Help Stop Hate Based Violence: Get Involved
Research indicates that thousands of people every year are victims of hate crime. For every reported case of hate violence, there are countless unreported incidents of hate based violence. The hate crime phenomenon presents complex and agonizing problems to countless communities nationwide. The problem has become more visible as federal and state officials increasingly track hate violence.
Some assert that, the Federal Bureau of Investigation’s annual hate crime report offers the most comprehensive national picture currently available on the magnitude of this pressing problem. The Southern Poverty Law Center (SCLC) also monitors hate groups and other extremists throughout the United States and expose their activities. Research indicates that “…there are 932 known hate groups operating across the country, including neo-Nazis, Klansmen, white nationalists, neo-Confederates, racist skinheads, and others.” (Southern Poverty Law Center) The Southern Poverty Law Center reports that there are 28 known hate groups in the state of Pennsylvania alone. According to the research done on this phenomenon by the Southern Poverty Law Center, the number of hate groups is growing. American communities have learned that failure to address hate-based crimes can cause an isolated incident to result in widespread tension.
Hate crimes are unique because they have a special emotional and physical impact that extends beyond the original victim. Bias crimes intimidate others in the victim’s community, causing them to feel isolated, vulnerable, and unprotected by the legal system. By making members of a specific group fearful, angry and suspicious, these crimes polarize cities and damage the very fabric of our society.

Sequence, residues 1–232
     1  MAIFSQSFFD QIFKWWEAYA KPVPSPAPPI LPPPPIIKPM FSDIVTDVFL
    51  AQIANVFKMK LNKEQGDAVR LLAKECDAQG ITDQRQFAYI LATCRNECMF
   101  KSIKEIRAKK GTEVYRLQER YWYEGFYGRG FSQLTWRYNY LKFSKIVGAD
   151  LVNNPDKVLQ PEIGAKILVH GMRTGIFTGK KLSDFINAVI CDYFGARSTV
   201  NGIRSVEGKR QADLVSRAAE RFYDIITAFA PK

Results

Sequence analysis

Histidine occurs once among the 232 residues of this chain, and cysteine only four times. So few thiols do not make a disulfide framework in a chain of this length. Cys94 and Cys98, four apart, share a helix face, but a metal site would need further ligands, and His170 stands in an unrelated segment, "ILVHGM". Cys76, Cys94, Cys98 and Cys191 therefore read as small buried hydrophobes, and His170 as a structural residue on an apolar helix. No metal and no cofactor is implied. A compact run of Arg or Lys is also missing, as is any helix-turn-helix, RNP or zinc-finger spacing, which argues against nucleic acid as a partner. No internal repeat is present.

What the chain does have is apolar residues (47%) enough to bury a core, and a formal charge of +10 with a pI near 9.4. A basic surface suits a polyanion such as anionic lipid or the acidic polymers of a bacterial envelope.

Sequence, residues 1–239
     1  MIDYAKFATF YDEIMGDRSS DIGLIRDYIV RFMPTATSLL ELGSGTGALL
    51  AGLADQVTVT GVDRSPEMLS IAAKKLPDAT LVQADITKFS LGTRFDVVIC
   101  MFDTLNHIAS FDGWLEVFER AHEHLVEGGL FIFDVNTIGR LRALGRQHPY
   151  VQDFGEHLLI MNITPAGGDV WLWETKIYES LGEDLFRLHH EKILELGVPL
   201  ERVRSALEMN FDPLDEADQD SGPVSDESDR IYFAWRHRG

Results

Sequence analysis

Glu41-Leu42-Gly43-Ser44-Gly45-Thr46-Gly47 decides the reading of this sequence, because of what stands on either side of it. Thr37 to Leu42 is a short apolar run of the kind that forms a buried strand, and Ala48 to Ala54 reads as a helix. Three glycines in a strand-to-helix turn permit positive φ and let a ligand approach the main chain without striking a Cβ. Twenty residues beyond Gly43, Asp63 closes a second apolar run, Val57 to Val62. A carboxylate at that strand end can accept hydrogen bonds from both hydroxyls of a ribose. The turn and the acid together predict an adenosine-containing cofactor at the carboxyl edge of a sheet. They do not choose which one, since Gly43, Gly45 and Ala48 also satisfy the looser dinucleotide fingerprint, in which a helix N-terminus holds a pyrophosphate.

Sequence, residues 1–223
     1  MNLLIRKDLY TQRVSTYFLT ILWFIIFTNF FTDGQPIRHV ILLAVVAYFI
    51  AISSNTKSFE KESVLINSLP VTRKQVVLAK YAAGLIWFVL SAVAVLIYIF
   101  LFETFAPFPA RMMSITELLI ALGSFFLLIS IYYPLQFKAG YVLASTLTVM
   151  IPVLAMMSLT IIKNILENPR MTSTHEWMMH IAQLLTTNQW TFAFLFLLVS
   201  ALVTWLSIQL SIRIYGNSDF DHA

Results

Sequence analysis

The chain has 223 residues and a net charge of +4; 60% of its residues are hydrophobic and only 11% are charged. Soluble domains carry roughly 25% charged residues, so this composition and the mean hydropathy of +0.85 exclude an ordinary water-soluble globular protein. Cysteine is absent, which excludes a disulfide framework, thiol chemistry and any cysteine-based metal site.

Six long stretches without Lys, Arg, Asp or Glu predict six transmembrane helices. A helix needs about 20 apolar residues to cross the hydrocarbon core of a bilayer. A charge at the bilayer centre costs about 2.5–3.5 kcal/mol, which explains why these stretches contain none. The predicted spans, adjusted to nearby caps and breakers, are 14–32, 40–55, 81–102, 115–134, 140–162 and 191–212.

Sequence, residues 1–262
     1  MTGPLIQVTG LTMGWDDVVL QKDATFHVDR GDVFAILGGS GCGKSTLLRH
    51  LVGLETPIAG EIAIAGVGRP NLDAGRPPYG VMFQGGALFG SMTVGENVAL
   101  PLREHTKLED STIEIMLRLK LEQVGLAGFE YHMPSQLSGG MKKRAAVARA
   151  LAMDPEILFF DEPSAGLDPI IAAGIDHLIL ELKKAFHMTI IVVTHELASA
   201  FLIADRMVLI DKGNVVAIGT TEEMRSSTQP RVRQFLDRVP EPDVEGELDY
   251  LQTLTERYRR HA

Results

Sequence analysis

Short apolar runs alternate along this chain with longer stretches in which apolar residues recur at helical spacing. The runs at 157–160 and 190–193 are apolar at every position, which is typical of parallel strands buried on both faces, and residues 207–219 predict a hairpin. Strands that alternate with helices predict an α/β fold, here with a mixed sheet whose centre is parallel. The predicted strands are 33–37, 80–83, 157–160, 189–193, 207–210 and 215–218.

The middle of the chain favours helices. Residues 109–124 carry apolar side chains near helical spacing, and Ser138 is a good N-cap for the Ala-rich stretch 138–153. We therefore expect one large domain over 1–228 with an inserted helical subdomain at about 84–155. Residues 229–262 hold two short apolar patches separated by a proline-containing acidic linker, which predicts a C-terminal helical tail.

While hate violence makes headlines, the positive actions of people across our nation are creating a different story. These people include but are not limited to a movement called Not In Our Town. Like other groups battling hate based violence, Not In Our Town highlights communities working together to stop hate. Not In Our Town videos and broadcasts highlight and celebrate people who have developed creative anti-bias programs and responses. The stories chronicled by Not In Our Town have served to motivate many others to develop their own innovative initiatives which overpower the hateful actions and voices in their communities. Hate violence can be eradicated with an equal amount of conscience, mind, heart, and collective action.
The non-profit sector offers information, education, and activism against hate violence. The list below contains a few of the organizations that offer resources or help communities respond to hate activities. Many of the national organizations listed below have local chapters. A brief list of national organizations battling hate based violence include but is not limited to:
National Organizations American-Arab Anti-Discrimination Committee Web: http://www.adc.org Combats media stereotyping, defamation, and discrimination against Americans of Arab descent through legal action and education.